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Love language of dance

Love Language of Dance

Comparative expressions of love in Bharatanatyam and Ballet

February is the month of the year where expression of love is at its peak. While the Valentine’s Day culture of gift-giving is popularised through this month, there are many  different ways humans express our affection including but not limited to words of affirmation, quality time, acts of service and touch. One can find aspects of these love languages reflected in the performativity of Dance that visualises these methods of communication through movement. As universal it is to feel emotions of love, its reflection can be found in all forms of dance throughout the world. 

In the popular classical form of Bharatanatyam from India, the hastas or hand gestures used to express love is the alapadma hasta. The metaphoric movement of love begins with the hasta mudra with five fingers touching each other kept close to the body of the dancer with eyes looking down, almost as if self-conscious of being vulnerable and shy, and blooms out to the alapadma hasta from the body,looking towards the subject that is being loved having expressed those inner feelings. Not only can it indicate vulnerability seen in the romantic-shringara rasa between the nayika and the lord, but the metaphor can be arbitrarily placed to other forms of love including compassionate-karuna rasa from the lord to his devotee or between parent and child or even towards animals. This movement is primarily used as a literal translation for the word love, to say to a person that “you love them” as a means of reassurance.

Prathibha Kini


Touch as an aspect of love can also be seen in the usages of hastas. The visual icon of the kilaka-mudra where the little fingers are linked together represents the link of a relationship. It is quite interesting that there is a collective consciousness that the little finger is a representation of a kind, soft and loving imagery whereas the index finger is the assertive one that points to the other with notions of anger. This imagery translates into the hasta of kilaka that are used to show relationships of friends or lovers whereas the paasha hasta shows the same link of fingers but now using the index finger to show enmity.  

Left kilaka hasta, right Paasha hasta 


The touch of the little fingers in a link immediately reminds one of the ‘pinky promise’ as a little child. Contrastingly,the weight of promises as an adult in romantic-relationships seems to be more as the thumb covers the other three fingers to make the chatura hasta. Here both hands are kept touching together in chatura hasta to depict promise. This hasta is extensively used in shringara-javalis where there seems to be a need for making compromises in romantic relationships.  

Source: from SDN

Unlike the Natyashastra that exists in Indian performing arts that provide definitive hastas, in Western Ballet, there is more interpretive dance. Music plays an important role in differentiation. Songs with lyrics used in Bharatanatyam give the possibility of a direct word-to-movement translation while the instrumental musicality primarily sets the mood or rasa of ballet. Movements from the glossary of aesthetically symmetric stances, leg and foot movements are weaved into story-telling. Take for example the fast paced footwork of the Bourrée which can sometimes give the illusion of flying representing the soft and dainty damsel or conversely evoke a sense of urgency which might indicate a completely different mood. Each of these techniques lends itself to different rasas and the differing combinations of choreography build the mood.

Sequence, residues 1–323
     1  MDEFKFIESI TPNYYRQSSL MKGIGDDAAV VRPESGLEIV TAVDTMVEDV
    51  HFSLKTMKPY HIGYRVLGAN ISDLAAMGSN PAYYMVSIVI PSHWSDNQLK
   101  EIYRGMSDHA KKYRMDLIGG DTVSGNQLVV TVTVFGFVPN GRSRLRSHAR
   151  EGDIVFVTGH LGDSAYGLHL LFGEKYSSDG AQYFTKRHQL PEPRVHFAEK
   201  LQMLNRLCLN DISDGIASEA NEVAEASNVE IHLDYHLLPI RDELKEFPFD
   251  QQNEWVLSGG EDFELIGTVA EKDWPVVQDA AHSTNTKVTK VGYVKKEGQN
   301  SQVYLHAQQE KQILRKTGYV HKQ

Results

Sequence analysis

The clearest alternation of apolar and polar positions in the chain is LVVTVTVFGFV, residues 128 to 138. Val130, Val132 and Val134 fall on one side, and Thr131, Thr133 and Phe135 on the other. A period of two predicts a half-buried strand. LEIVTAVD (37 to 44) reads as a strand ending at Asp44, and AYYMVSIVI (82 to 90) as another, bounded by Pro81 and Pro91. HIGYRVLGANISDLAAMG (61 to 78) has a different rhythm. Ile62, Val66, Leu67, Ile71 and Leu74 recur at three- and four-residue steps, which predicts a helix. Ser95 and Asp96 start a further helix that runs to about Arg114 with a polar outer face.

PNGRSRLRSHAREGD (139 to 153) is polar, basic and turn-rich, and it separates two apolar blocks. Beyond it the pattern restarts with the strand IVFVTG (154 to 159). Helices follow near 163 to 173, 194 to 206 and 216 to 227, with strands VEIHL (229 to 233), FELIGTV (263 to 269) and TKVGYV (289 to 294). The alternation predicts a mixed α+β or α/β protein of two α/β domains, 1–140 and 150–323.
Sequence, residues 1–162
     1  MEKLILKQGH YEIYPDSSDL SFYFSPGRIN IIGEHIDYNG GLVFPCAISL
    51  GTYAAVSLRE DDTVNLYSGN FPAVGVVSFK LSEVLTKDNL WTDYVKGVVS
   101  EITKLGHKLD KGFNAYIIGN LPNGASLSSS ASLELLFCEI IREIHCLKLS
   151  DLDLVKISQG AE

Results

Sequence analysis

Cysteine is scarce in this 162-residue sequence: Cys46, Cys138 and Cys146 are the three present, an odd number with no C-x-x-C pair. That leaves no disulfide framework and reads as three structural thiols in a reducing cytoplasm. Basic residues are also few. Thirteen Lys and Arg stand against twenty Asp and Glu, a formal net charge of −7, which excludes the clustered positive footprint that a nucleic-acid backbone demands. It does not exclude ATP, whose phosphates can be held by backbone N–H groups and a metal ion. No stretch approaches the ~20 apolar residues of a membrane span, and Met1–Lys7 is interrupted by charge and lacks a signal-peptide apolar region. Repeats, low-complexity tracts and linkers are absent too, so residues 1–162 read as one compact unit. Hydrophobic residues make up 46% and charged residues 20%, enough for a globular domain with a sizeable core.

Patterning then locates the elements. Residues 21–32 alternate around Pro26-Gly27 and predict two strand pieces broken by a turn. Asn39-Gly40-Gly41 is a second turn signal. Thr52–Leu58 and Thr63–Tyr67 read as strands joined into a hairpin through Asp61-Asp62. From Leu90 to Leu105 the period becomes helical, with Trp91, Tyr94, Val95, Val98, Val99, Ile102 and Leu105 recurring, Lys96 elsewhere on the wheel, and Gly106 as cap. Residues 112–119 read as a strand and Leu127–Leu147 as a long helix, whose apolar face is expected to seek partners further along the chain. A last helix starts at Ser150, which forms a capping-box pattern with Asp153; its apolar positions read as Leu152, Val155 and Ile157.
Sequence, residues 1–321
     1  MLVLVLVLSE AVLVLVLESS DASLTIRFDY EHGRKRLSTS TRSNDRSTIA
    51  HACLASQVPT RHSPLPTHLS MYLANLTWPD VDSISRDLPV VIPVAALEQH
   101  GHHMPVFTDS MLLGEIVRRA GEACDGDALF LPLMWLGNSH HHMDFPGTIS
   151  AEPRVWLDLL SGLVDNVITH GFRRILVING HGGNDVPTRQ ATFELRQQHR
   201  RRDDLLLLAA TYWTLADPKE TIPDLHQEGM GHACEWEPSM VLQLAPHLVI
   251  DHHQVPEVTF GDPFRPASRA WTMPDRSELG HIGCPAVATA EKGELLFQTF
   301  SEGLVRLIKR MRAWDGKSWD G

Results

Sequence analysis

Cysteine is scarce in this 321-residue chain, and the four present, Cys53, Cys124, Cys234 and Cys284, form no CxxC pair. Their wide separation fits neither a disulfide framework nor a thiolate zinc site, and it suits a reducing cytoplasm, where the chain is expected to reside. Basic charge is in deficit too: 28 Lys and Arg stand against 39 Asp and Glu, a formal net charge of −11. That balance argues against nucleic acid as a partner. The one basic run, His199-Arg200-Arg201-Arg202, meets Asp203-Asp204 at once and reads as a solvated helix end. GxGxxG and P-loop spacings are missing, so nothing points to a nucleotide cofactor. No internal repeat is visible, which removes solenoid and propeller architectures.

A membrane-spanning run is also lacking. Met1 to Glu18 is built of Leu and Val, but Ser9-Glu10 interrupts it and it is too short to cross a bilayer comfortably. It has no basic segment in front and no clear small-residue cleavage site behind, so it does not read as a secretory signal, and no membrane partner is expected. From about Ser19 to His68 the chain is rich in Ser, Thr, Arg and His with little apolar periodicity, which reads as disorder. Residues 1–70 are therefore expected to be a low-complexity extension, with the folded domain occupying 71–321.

One can even say that the cultural backgrounds of these dance forms are reflected in the dance. Touch becomes a key aspect of love-exchange. From society that shys away from physical touch, the Indian metaphors of the bee that drink the nectar of the flower, the love-birds that form a heart shape replace the need for the physical touch between the lovers. The free-flowing yet immensely controlled acrobatics in the pas de deux ballet explores the depths of love through the contact of the bodies of the two lovers. The matched breathing and the symmetric bends danced in aesthetic rhythm mirroring the coordination in thoughts and actions required between two lovers; the trusted grip of the other in holding those movements in precise grace reflects the need for trust in the relationship. 


This exercise of comparison between two different classical dance forms brings to light the limitlessness of expression. It is almost like two different worlds when one explores the techniques of communication used in these dance forms, similar to how we might have our own unique love languages. Dance as a medium gives space for conversation and a place of honest self-expression. Sometimes it can be difficult to find a safe and loving space in reality, but that’s when we can use the tool of expression we learn from dance and create a magical synergy between us and all that we love. 


Shreyaa Suresh is a passionate dancer, theatre actor, and an aspiring academic, based in Chennai. A post graduate student in anthropology & sociology, she hopes to pursue a doctorate in performing arts and academic writing.